Positive Growth In Livestock Markets

UK - Newly published figures reveal that livestock auction markets in England and Wales have seen significant increases in the number of store and breeding cattle sold through them in 2009, compared with the previous year.
calendar icon 30 March 2010
clock icon 2 minute read

The total annual turnover of the markets also rose from £1,087,385,071 in 2008 to £1,274,549,633 in England, while the total turnover in Wales increased to £284,008,745 in 2009, compared with £235,446,178 during the previous 12 months.

Commenting on the latest statistics, Livestock Auctioneers Association (LAA) chairman Alastair Sneddon said they showed that a growing number of producers were recognising the advantages of selling their stock through livestock markets, rather than by any other method.

The number of store and breeding cattle sold by the livestock markets in England last year increased to 629,239, compared with 601,899 in 2008, while the number of calves sold rose from 171,695 to 181,598 over the same period. They also sold 1,812,926 store and breeding sheep in 2009, compared with 1,775,914 in 2008.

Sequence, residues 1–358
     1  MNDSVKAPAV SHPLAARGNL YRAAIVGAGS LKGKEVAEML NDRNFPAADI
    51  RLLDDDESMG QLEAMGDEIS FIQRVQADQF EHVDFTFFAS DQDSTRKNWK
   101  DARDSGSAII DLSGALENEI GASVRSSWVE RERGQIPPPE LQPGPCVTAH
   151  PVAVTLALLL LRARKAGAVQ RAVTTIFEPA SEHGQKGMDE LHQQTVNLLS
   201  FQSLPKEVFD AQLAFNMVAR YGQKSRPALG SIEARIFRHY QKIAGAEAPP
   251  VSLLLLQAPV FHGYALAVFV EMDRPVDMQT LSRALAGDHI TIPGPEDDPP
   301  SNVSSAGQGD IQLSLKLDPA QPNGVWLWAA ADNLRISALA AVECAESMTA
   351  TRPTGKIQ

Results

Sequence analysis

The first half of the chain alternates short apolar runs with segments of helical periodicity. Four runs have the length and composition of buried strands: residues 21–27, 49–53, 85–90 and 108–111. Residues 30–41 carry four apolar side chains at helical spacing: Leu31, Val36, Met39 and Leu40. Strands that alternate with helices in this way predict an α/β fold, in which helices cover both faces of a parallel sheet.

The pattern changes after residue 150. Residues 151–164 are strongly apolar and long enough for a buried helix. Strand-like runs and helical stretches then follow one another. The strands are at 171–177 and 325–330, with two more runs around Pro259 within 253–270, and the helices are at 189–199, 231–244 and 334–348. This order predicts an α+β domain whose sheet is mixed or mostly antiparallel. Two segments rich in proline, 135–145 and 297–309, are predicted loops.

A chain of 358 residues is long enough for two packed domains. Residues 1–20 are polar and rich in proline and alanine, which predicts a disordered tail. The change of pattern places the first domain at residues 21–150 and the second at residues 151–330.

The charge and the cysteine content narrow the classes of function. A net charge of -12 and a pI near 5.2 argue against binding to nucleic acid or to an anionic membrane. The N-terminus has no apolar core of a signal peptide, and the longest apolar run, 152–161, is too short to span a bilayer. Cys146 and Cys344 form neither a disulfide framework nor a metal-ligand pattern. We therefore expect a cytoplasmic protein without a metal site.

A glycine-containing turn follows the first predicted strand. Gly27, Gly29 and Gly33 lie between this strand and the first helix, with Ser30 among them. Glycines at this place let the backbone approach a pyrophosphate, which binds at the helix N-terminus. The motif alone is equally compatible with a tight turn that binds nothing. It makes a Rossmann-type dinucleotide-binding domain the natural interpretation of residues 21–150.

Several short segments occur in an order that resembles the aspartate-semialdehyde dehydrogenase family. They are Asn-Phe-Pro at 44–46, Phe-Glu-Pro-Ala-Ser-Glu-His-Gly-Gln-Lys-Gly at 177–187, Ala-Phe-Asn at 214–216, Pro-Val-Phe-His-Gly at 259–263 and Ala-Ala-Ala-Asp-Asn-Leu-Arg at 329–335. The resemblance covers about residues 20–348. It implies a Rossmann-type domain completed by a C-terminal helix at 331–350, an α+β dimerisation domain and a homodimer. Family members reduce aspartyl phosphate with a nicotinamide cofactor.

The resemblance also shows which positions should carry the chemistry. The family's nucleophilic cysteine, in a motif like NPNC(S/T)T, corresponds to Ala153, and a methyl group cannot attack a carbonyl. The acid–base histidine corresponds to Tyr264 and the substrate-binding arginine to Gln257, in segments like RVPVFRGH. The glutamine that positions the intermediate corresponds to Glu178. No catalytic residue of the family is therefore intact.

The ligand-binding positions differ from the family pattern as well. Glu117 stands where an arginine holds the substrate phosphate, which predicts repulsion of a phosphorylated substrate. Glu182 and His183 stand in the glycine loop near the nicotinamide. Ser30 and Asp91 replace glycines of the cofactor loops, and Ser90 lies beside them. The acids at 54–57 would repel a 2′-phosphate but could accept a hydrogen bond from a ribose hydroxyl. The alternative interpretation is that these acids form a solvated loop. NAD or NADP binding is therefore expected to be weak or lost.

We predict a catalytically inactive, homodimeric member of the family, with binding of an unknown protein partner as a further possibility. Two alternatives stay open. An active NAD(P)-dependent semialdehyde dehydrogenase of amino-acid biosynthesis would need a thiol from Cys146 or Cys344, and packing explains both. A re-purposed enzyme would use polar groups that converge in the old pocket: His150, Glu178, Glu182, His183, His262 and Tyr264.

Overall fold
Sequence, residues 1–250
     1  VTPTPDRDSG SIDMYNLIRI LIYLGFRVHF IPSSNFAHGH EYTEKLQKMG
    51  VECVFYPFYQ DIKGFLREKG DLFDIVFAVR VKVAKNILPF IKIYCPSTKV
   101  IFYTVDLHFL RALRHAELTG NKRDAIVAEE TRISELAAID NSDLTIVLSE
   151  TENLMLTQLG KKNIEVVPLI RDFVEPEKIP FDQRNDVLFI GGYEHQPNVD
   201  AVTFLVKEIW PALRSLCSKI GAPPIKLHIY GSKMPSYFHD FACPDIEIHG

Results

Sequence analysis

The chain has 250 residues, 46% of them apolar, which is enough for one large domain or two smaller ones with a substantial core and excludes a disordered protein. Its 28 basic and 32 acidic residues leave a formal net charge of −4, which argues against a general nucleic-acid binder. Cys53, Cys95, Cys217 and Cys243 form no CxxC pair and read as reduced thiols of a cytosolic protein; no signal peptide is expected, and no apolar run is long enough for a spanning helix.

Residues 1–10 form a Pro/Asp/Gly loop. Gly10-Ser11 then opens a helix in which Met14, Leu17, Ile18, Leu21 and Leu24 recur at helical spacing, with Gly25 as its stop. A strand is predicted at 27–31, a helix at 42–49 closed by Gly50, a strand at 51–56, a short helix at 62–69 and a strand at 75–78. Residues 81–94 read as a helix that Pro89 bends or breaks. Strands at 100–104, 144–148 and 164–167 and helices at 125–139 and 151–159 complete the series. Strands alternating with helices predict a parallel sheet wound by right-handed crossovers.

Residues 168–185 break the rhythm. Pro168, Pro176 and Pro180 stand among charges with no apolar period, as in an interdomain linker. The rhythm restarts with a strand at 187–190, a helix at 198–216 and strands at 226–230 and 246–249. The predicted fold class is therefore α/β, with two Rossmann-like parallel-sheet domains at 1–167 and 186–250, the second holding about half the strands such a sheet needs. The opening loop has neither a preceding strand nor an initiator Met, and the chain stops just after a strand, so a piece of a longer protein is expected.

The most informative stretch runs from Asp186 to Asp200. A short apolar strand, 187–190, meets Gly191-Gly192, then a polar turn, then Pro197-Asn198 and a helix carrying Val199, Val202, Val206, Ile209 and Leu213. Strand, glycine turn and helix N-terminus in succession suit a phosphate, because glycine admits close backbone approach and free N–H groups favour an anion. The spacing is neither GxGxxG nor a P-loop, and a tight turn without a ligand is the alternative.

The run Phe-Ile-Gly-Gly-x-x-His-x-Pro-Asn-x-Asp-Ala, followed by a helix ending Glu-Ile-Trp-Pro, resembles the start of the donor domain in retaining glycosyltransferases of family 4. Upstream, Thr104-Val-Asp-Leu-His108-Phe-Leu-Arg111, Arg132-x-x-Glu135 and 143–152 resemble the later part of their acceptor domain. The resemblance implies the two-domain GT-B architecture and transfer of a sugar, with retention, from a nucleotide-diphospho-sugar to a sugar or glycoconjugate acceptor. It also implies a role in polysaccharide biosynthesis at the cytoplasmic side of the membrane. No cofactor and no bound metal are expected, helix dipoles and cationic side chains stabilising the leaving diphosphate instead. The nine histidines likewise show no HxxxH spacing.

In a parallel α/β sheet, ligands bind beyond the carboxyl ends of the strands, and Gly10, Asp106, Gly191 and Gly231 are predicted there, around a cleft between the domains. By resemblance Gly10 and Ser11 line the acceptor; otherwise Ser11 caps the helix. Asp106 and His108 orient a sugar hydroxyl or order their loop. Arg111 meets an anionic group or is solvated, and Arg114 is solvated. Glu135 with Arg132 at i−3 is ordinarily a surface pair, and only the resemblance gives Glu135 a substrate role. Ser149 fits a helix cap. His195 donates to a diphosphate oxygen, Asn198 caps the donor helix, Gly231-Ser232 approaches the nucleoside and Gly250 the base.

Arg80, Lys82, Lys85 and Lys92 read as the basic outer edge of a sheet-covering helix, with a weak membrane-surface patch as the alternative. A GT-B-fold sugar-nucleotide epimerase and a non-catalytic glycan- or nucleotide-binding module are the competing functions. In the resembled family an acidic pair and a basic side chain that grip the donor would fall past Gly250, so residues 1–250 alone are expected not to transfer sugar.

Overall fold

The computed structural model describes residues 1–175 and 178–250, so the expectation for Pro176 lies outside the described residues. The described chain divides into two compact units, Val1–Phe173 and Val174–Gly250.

Meanwhile in Wales, the number of store and breeding cattle that passed through the auctioneers' hands also increased - from 136,921 in 2008 to 140,677 last year, while the number of store and breeding sheep sold rose to 1,812,926, compared with 1,775,914 in 2008. The number of slaughter sheep sold also increased from 2,118,857 in 2008 to 2,909,286 last year.

"We are extremely pleased with these results, which reveal just how important livestock auction markets are for producers and the country's meat supply chain, as well as the rural economy," said Mr Sneddon.

"These increased throughput figures have been achieved when both the national herd and the national flock numbers have been reducing year on year, which highlights the important role that the live market system plays in the UK - and shows how much the livestock farmer appreciates them," he explained.

"In addition to helping producers get the best prices for all their animals, the markets also provide a centre where farmers can access other products and services including machinery dealers, land agents, animal health suppliers and a wide range of consultancy and advice," added Mr Sneddon.

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